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Guides on Tour: Edible Excursions Visits Cowgirl Creamery

by Edible Excursions

Guides on Tour: Edible Excursions Visits Cowgirl Creamery

Our Bay Area food tour guides are always hungry for knowledge. We want to get as close to the source of our food as possible, especially the food we curate on our tours. Recently, the team took a trip to visit one of our longest-term partners, Cowgirl Creamery, at their headquarters in Point Reyes Station, about an hour north of San Francisco. 

Cowgirl's docent Cheryl explained the company's philosophies and practices. They produce artisan cheeses, meaning each cheese is made by hand, in small batches, using only organic dairy from local farms. Each type of cheese is made from the dairy of a specific herd. For example, their flagship cheese, Mt. Tam, is made exclusively with the milk from the Straus Family Dairy, as it has been from the beginning. 

Their washed-rind cheese, Red Hawk, has a storied past. According to Cheryl, a friend of the business absent-mindedly stowed a bag of English cheeses in the aging chamber. When cofounder Peggy Smith went into the chamber later, she noticed the wheels of Mt. Tam adjacent to the bag had a blush of pink bacteria on them. She scrubbed them and rinsed them with brine, hoping to to return them to their snowy white bloom, but the pink kept coming back, so she sequestered them in a container.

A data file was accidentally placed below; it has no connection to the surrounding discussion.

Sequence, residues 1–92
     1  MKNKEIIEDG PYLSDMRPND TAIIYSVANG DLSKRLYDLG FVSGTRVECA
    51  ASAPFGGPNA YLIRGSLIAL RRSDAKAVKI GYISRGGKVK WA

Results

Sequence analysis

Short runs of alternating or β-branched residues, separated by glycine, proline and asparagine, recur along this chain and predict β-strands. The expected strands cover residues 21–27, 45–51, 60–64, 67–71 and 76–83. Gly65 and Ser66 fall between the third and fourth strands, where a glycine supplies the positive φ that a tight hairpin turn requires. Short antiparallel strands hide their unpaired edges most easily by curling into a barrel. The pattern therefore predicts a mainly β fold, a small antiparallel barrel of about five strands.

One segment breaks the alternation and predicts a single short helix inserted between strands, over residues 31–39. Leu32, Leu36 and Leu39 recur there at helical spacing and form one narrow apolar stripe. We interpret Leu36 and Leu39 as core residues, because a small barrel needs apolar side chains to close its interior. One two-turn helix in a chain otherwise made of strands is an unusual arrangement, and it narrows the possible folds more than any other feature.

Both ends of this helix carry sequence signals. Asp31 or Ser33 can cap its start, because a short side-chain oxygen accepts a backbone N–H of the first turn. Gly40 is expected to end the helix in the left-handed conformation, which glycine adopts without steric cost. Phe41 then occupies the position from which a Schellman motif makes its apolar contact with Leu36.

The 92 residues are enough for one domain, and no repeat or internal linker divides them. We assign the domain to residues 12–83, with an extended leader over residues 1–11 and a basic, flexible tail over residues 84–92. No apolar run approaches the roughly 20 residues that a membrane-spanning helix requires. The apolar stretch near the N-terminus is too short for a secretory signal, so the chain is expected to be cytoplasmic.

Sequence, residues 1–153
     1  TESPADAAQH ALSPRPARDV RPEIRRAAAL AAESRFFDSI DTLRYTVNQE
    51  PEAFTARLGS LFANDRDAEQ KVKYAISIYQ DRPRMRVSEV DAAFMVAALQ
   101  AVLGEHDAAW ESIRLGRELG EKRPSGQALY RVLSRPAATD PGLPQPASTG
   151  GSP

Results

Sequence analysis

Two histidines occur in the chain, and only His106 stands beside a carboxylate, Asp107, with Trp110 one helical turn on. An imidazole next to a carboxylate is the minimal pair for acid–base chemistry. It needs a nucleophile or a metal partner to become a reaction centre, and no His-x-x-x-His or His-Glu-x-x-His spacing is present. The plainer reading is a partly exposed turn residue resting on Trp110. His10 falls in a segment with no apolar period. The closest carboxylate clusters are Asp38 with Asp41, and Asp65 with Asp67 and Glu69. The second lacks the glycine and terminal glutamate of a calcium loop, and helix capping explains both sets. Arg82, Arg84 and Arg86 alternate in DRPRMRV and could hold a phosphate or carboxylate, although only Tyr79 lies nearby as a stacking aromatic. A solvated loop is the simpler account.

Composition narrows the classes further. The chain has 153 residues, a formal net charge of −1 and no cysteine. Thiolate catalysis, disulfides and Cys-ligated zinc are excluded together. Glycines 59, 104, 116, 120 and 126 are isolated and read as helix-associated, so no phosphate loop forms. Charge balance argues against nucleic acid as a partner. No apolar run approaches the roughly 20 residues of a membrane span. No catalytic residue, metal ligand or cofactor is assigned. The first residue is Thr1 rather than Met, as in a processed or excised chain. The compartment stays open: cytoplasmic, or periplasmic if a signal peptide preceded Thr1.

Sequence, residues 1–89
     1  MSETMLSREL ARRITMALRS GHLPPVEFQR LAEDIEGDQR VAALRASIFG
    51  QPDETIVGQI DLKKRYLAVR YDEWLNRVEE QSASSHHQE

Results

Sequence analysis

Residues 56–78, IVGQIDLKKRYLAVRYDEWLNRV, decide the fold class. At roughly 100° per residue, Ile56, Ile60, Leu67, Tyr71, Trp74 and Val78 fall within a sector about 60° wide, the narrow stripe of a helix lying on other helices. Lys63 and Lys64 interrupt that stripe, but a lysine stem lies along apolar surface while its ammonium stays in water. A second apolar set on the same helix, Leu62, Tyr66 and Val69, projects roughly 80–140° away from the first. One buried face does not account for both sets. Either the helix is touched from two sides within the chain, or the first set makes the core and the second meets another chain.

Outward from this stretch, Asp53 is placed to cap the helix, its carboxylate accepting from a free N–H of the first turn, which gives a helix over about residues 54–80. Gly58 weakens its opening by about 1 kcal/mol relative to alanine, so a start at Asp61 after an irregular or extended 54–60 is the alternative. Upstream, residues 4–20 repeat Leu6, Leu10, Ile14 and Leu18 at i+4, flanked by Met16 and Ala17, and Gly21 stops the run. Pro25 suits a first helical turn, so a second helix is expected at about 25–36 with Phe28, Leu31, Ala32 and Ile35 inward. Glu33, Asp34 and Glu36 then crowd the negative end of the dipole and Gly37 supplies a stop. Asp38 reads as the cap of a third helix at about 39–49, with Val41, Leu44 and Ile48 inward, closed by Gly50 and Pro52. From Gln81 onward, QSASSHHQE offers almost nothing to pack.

When their friend returned, she looked in the bin, and suggested they had something good. The blush comes from the bacteria b. linens, highly prized in European washed-rind cheeses. What started as an accident serendipitously became an award-winning product. 

Cheryl also quickly demoed how cheese is made. A coagulant is added to warm milk, which causes the proteins to set into a curd. The curd is then cut and strained. The size of the curd and the length of time left to drain impacts how the cheese will turn out in the end. 

Cowgirl Creamery

Cowgirl Creamery

Cowgirl Creamery

Cowgirl Creamery

Fun fact: Traditionally, cheese is set with rennet, made from the linings of ruminants' stomachs. However, for all their cheeses other than Wagon Wheel, Cowgirl Creamery uses vegetarian coagulant. 

Of course, we had to taste. Cheryl served up a vertical tasting of Cowgirl's products, starting with smooth crème fraîche and tangy fromage blanc. After savoring Mt. Tam's buttery paste and mushroomy bloom, the group sampled Chimney Rock, their fall seasonal cheese. Made with Jersey milk from John Taverna's Chileno Valley Dairy, this cheese has a richer flavor. The rind is spritzed with muscat wine, and dusted with herbs and shiitake mushrooms for a complex, earthy flavor. 

Next on to Red Hawk, with its funky b. linens rind and dense paste, and finally Wagon Wheel, their more aged, semisoft cheese. This is the cheese they made specially for melting; you can experience it at Sidekick in the Ferry Building on Saturdays when they have their raclette station set up. Molten Wagon Wheel is scraped onto pieces of Acme Bread's herb slab, an experience not to be missed. 

Taste Cowgirl Creamery's Mt. Tam and Red Hawk for yourself by joining our Ferry Building tour

Cowgirl Creamery